National Nature Reserve
National Nature Reserves (NNRs) are areas
of land which are very important for nature conservation and
which are managed with the intention of making sure their special
nature is maintained and prospers.
Biosphere reserves are areas of terrestrial
and coastal ecosystems which are Internationally recognised
within the framework of UNESCO's Man and the Biosphere Programme.
Ancient Monuments and Archaeological Areas
Buildings and archaeological sites of
national importance scheduled under the Acts. This requires
legal protection and consent is required from the Scottish Ministers
for any work that will lead to damage, demolition or destruction
of the monument, any works of repair, removal or alteration
and addition. This includes archaeological investigations or
any alterations to or developments of the buildings.
National Scenic Area
National Scenic Areas are those areas
of land considered of National significance on the basis of
their outstanding scenic interest or unsurpassed attractiveness.
They must be conserved as part of the country's natural heritage.
of Special Scientific Interest
Site of Special Scientific Interest (SSSI)
is the main nature conservation designation in Great Britain.
These sites are special for their plants or animals or habitats,
their rocks or landforms or a combination of these.
first World Heritage Site
A natural or cultural site designated
by the World Heritage Committee of UNESCO, as of 'outstanding
European Community Special Protection
Special Protection Areas are
areas designated by the European Community in what is commonly
known as the Wild Birds Directive. The aim is to safeguard the
habitats of migratory birds and certain particularly threatened
European Community Proposed Special Area of Conservation
Areas of Conservation are created under the European Directive
on Habitats and Species. The Directive is a response to a recognised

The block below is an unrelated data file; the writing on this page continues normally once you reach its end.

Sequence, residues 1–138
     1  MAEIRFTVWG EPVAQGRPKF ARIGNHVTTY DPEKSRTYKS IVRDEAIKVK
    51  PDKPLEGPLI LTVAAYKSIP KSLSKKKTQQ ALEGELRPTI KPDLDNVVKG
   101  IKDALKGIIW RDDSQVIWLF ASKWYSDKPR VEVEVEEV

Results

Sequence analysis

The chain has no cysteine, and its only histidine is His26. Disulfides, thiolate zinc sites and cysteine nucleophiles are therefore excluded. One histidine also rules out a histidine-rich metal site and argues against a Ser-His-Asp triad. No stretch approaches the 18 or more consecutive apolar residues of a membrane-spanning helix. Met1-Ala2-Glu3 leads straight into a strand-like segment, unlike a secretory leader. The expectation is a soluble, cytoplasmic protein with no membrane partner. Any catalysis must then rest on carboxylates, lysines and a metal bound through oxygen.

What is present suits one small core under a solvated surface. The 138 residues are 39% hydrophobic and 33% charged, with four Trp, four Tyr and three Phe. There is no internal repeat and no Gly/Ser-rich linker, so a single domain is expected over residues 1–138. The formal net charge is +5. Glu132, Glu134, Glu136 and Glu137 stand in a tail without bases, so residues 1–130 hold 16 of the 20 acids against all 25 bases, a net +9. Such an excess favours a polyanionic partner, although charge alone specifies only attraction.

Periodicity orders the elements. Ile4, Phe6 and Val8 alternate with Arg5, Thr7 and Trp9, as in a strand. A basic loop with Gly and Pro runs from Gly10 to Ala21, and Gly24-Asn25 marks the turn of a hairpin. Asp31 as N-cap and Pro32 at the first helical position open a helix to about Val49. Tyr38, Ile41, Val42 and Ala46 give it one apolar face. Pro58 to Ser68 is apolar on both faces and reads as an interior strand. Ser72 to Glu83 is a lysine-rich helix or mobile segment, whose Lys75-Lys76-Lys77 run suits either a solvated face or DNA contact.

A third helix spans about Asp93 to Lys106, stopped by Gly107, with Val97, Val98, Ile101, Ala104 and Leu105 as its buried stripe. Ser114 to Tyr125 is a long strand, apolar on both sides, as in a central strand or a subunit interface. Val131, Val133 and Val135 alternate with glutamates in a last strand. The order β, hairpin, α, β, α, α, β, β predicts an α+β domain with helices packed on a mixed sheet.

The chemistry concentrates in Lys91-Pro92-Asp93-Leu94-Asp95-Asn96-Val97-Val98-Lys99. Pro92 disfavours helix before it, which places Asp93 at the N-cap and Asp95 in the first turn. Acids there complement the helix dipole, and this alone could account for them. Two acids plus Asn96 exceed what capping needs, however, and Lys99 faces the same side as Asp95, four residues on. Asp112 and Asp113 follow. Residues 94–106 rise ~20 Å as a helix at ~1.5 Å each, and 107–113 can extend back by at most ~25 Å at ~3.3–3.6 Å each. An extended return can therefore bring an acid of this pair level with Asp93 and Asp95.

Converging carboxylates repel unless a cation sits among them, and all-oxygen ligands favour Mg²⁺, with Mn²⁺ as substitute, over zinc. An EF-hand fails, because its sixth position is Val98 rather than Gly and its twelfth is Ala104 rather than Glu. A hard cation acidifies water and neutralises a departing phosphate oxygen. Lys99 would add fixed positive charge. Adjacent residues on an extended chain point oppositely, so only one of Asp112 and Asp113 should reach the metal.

need within the EC to protect all forms of wildlife and their
World Heritage Site Revised Nomination
2003 the Scottish Executive presented a revised nomination to
Unesco seeking further inscription under the Cultural Criteria
and Cultural Landscapes categories in recognition of the heritage
of the islands and the unique example of Scottish historyand
culture that they represent. Read
further information and the entire Nomination document on the
2004 World Heritage Site Status Extended
In July 2004 the St Kilda World Heritage Site has been extended
to include the surrounding marine environment by the UNESCO
(United Nations Educational, Scientific and Cultural Organisation)
World Heritage Committee at a meeting in Suzhou, China.
2005 Dual World Heritage Status Awarded
In July 2005 the St Kilda World Heritage Site was awarded
Dual World Heritage Status,
for its natural and cultural significance. Following the preparation
of an extended Comparative Analysis, the UNESCO World Heritage Committee,
meeting in Durban, South Africa, accepted the extension to the existing
marine and terrestrial natural heritage World Heritage inscriptions.
The inscription will now include the 'cultural landscape' left by
thousands of years of human occupation.